Of course, if we could do such a thing at reasonable cost, and there were clear benefits to human health and welfare, then such a goal might make sense. But what was once a noble and achievable goal to clean up most of our air and water pollution has become an end in itself: to keep making things cleaner and cleaner, no matter the cost.

I remember driving through the Gary, Indiana industrial complex in the 1960s. The air pollution was simply unbelievable. You could not escape the stench and smoke; rolling up the car windows did not help.

I also remember the Cuyahoga River fire of 1969. There is no question that the EPA has greatly helped…but we must remember that the EPA was the result of the public’s realization that is was time to start cleaning up some of our messes.

The fundamental problem, though, is that the EPA was given what amounts to limitless power. They do not have to show that their regulations will not do more harm than good to human health and welfare. Now, I will admit they do provide periodic reports on their estimates of costs versus benefits of regulations, but the benefits are often based upon questionable statistical studies which have poor correlations, very little statistical signal, and little cause-and-effect evidence that certain pollutants are actually dangerous to humans.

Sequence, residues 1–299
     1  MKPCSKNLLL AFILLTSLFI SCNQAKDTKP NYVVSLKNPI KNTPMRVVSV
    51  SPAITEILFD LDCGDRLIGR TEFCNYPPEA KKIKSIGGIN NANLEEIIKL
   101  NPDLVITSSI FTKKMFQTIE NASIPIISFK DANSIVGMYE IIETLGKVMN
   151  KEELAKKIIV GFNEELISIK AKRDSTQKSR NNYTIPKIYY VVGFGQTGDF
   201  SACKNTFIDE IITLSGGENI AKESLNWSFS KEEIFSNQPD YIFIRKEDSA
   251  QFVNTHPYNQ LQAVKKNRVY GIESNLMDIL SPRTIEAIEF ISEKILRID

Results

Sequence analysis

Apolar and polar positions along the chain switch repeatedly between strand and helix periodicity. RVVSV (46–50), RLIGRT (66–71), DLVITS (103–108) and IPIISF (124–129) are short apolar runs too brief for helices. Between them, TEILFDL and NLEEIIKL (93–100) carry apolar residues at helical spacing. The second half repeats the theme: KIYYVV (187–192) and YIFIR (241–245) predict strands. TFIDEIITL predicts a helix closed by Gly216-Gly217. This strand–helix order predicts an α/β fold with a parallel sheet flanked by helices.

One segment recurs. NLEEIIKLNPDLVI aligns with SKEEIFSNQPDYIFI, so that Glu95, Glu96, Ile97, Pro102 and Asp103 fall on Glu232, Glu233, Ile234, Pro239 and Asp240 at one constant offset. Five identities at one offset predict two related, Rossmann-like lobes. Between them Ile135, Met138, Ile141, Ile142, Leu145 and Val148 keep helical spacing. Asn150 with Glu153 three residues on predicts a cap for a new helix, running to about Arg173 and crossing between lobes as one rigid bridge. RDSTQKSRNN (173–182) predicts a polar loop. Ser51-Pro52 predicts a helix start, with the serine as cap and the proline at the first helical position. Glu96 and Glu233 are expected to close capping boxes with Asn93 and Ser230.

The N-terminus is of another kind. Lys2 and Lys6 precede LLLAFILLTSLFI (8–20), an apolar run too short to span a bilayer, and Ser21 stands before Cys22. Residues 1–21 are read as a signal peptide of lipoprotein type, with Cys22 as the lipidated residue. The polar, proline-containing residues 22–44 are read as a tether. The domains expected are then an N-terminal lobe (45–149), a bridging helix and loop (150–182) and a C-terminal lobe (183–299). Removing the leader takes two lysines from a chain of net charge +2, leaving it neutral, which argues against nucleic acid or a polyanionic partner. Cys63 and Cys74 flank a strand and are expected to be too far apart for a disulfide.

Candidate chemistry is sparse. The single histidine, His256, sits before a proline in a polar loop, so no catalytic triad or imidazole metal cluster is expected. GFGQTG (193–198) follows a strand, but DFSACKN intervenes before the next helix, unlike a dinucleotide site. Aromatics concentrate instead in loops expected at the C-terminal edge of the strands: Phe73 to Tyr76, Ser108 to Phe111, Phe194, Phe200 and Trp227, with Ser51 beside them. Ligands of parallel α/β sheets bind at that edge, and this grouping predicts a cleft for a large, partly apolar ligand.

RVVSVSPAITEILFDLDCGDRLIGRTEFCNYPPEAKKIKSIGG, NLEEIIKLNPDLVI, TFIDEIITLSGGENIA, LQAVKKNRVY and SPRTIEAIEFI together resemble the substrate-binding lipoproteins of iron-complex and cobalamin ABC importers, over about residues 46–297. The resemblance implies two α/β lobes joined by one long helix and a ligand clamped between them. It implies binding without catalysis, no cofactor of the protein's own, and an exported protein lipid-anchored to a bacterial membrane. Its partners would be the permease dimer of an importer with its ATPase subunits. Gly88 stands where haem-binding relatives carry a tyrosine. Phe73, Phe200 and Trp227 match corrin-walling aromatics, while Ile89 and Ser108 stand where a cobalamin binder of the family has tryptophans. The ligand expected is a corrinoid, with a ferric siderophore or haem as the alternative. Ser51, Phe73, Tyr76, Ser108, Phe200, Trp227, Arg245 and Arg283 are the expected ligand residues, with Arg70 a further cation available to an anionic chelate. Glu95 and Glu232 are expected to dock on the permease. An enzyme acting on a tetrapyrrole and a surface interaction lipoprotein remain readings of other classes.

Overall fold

And the costs of those regulations to the private sector are only the direct costs, because indirect costs to the economy as a whole are so difficult to assess.

Even if some (or even all) pollutants present some risk to human health and welfare, it makes no sense to spend more and more money to reduce that risk to arbitrarily low levels at the expense of more worthy goals.

Economists will tell you that society has unlimited wants but only limited resources, and so we must choose carefully to achieve maximum benefits with minimum cost. It is easy to come up with ideas that will “save lives”; it is not so easy to figure out how many lives your idea will cost. The same is true of government jobs programs, which only create special interest jobs at the expense of more useful (to the consumer) private sector jobs.

The indirect costs to the economy can be the greatest costs, and since we know very well that poverty kills, when we reduce economic prosperity, people — especially poor people — die.

Income is directly proportional to longevity; you cannot keep siphoning off money to chase the impossible dream of pure air and pure water, because those are simply not achievable goals. It makes absolutely no sense to give a government agency unlimited authority to regulate pollution to arbitrarily low levels with no concern over the indirect cost to society.

But that’s what we have with today’s EPA. Several years ago I gave an invited talk at a meeting of CAPCA, the Carolinas Air Pollution Control Association. There was also an EPA representative who spoke, and to everyone’s amazement stated something to the effect that “we can’t stop pushing for cleaner and cleaner air”. Eyebrows were raised because in the real world, such a stated goal ignores physical and economic realities. There is no way to totally avoid pollution, only reduce it.

How far we reduce it is the question, and so far the EPA really does not care how many people they might kill in the process. Or, they are too dumb to understand such basic economic principles.